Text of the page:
Rock and hill climbing can be a thrilling, off-road adventure you can experience in your souped-up off-road truck or Jeep. Of course, it is important to stay safe while having fun. The big tires and protective truck bumpers you put on your off-roader can make it trailworthy; however, you still need to know how to negotiate each of the various obstacles. Think about these tips when you are out on the hills so you can safely get to the top and back down again.
Investigate The Hill On Foot
Before you attempt to climb any steep or challenging incline, walk up to the top to see what the top is like, the status of the footing, and what you face on the other side. You can avoid dangerous situations or getting high-centered by first investigating, then making the climb once you know your truck can handle it. After getting a good look at things, decide on a plan to get up and over it and what you will do if you run into trouble.
Know Correct Approach and Departure Techniques
Although it may look simple, there is more to getting up an incline than just stepping on the gas and going. The steeper a hill, the more important it is for you to know your off-roader's approach and departure angles to avoid getting stuck, scraping your bumper, or high-centering at the top. Know the length of your truck and how much ground clearance it needs to figure out which hills you can climb and which you should avoid.
Never Drive Hills On An Angle
Hills should always be driven straight up and straight down again. This keeps the weight of your truck balanced and shifted to either the rear or front wheels. Negotiating inclines on an angle shifts weight to the lowest wheel, taking it off the wheel diagonal to it. Sliding due to loss of traction or rolling over onto your truck bumpers then becomes a real risk.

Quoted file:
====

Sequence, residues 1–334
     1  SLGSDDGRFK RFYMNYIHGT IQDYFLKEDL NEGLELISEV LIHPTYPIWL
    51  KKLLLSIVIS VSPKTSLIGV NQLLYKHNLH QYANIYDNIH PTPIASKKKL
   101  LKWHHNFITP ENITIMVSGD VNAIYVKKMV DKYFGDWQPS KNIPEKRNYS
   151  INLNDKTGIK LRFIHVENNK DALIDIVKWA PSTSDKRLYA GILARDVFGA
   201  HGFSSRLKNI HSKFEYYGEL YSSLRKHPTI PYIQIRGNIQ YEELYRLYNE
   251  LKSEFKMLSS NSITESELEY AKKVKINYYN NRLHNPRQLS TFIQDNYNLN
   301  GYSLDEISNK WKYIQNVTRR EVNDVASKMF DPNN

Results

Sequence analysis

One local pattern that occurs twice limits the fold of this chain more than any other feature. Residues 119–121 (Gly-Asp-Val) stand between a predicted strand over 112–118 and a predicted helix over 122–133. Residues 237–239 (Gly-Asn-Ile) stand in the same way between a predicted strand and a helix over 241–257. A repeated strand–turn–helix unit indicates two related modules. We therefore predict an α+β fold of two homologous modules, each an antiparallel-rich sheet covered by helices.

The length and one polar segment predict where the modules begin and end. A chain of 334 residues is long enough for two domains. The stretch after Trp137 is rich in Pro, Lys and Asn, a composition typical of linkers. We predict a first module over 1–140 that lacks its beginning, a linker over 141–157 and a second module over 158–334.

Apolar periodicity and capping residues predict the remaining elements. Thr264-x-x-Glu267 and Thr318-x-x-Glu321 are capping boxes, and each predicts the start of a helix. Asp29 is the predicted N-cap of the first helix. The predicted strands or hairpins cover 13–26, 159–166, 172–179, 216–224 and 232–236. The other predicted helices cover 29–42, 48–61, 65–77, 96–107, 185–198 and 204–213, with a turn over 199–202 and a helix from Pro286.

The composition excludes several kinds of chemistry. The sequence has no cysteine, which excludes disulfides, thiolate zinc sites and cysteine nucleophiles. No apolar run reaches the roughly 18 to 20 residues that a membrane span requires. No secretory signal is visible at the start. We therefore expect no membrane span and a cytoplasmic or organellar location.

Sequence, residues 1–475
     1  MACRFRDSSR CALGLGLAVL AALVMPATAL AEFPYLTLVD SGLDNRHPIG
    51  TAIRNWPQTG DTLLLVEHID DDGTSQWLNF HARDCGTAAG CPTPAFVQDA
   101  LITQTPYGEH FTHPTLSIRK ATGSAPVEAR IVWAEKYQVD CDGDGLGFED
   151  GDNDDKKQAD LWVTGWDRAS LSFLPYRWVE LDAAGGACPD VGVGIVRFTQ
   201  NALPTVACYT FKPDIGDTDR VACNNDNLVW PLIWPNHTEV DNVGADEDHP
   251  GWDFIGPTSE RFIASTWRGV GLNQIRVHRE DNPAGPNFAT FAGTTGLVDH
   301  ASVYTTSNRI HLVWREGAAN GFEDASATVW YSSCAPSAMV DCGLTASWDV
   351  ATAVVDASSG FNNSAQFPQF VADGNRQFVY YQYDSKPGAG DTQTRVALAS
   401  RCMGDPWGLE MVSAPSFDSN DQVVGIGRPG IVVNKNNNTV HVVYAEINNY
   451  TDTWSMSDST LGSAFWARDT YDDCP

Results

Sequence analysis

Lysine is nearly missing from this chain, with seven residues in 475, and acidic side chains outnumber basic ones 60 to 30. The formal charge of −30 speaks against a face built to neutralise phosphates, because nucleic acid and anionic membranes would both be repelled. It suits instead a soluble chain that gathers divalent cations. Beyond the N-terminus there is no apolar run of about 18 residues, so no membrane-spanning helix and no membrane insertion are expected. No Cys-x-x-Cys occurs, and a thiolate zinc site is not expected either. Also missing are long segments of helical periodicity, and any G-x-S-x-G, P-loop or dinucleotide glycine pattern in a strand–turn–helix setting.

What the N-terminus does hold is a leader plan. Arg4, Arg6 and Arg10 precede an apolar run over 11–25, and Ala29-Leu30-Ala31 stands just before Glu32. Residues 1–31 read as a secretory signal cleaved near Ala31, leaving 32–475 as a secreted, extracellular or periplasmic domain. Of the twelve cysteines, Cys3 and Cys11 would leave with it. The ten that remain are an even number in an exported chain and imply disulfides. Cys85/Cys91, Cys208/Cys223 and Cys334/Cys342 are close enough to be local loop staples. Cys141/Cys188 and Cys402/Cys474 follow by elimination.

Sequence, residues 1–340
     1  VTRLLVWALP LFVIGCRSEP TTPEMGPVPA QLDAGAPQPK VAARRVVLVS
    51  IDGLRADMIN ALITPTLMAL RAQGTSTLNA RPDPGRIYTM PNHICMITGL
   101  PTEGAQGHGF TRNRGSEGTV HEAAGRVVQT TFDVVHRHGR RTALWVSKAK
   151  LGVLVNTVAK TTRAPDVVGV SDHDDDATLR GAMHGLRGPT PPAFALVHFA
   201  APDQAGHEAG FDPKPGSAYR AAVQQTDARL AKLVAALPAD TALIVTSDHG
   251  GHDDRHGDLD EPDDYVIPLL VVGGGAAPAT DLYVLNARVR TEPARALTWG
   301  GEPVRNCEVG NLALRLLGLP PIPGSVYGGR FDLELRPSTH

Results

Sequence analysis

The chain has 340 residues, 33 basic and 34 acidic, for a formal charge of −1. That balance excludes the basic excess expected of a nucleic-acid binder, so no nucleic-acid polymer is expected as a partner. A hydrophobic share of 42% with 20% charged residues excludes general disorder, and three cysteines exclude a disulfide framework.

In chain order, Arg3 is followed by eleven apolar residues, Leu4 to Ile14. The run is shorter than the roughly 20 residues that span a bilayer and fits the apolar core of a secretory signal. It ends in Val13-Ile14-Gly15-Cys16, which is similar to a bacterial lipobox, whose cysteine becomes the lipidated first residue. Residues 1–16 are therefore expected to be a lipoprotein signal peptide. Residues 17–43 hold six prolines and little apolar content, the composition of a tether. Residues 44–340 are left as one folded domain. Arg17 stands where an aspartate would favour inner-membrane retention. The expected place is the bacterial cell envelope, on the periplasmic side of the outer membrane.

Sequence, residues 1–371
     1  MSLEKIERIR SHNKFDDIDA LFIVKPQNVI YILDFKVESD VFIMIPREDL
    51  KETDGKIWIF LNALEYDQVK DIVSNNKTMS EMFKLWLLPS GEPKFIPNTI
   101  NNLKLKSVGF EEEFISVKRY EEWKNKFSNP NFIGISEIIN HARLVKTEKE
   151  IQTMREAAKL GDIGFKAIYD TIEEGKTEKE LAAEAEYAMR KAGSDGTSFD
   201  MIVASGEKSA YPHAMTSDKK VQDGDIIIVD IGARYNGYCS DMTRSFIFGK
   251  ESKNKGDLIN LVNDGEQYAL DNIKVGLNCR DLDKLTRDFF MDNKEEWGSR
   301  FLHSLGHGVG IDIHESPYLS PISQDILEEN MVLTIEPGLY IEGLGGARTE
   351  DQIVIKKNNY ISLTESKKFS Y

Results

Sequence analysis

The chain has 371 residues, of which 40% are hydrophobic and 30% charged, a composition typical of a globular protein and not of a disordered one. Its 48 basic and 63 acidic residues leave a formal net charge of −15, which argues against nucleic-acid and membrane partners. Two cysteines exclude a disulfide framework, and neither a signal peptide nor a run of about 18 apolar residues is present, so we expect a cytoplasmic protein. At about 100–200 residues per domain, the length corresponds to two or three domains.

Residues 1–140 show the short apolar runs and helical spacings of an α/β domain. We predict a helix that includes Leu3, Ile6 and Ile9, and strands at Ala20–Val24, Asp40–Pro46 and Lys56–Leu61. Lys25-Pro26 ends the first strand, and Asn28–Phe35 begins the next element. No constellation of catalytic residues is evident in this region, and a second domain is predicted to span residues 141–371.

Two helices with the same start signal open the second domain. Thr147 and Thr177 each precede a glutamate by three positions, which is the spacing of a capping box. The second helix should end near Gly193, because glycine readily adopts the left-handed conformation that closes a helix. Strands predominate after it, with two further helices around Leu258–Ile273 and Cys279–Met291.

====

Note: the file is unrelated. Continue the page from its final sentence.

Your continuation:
More Power Going Up
As you approach and begin to climb a hill, increase power to keep your truck moving and ease off just as you get to the top. Back off a bit if the front wheels start to bounce or chatter; this will stabilize them and keep you moving forward. If you lose your uphill momentum or your engine stalls, put it in reverse, restart the engine, then back down to the bottom to try again.
Take It Easy Going Down
When descending a steep hill, avoid relying on your brakes as this could cause your off roader to lose traction and slide dangerously. Shift into first gear in low range with a manual, and avoid riding the clutch. With an automatic, put the truck into first gear. Tap or ease your brakes lightly if necessary to keep your speed down in low gear.
Never go down a hill in neutral or with your foot on the clutch. Let the truck slowly roll down the hill using its own power so you do not descend too fast. Control and preventing a slide is more critical than speed when coming down any kind of a decline.
Most importantly, always take your time and plan carefully when negotiating hills. Consider the incline you want to climb, the limitations of your off-roading truck even with its tire, bumper, and suspension upgrades, and then plan for all circumstances. Don't rush your climb. Part of the fun in climbing a hill safely is the challenge of figuring out how to do it successfully!